It used to be the case that individuals who were preparing for a divorce would hire a private investigator to “tail” their spouse to discover evidence of an affair, hidden assets or anything else that could be damaging in court. Now, such evidence is generally just a mouse click away, thanks to social media sites like Facebook.
We are in the age of over-sharing, and many people unwittingly post personal information that could be damaging to their divorce or child custody case. In fact, Facebook is now cited in approximately one-third of divorce cases.
onsider the type of information that Facebook users often post. You may brag about a promotion or bonus at work, an expensive vacation, a new significant other or a picture of yourself drinking beer at a friend’s party. None of these posts is necessarily damaging in and of itself. But they may be spun by your spouse to discredit you or seemingly catch you in a lie.
It’s common for individuals to claim that their spouse is hiding assets, and to use social media posts to back up that claim – an expensive vacation, a gift for a new boyfriend/girlfriend or a frivolous personal purchase.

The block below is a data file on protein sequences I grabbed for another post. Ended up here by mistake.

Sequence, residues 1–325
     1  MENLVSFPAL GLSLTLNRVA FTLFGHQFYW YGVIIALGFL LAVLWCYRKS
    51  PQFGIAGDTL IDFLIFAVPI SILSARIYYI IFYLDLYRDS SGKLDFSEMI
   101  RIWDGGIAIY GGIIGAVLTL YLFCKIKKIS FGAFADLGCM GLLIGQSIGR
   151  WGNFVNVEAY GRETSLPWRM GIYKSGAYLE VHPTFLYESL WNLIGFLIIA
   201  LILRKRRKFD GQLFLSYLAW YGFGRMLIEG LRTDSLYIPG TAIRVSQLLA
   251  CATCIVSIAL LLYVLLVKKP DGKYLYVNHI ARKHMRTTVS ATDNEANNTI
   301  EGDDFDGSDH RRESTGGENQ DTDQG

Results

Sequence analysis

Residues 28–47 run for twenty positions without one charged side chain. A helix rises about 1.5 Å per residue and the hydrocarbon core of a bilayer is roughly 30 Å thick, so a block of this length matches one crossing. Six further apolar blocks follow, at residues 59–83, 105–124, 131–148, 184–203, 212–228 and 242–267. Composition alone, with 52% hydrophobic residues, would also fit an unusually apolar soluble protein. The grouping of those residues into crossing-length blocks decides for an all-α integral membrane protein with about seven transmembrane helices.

In other cases, your spouse may try to use pictures and posts on Facebook to paint you as an unfit parent during a child custody dispute. If you are holding a beer in a picture of what looks to be a wild party, your spouse may claim that you have a drinking problem. Sharing stories about your kids online? Your spouse may claim you are violating their privacy. Going on a date with a new significant other? Your spouse may claim you are behaving irresponsibly and disrespectfully toward your children.
If you are in the midst of a divorce or a child custody dispute, the safest course of action is usually a full social media blackout. Anything you post (or even send through private messaging) could potentially be used against you in ways you did not consider.
If you are unable to resist keeping and using your social media accounts, please confer with your attorney about anything you plan to post. With so many divorce cases now involving evidence gleaned from Facebook, none of us can afford to be careless with our personal information.
Source: The Washington Times, “Facebook cited in a third of all divorce cases: ‘It’s like having a massive public noticeboard’,” Cheryl K. Chumley, Jan. 21, 2015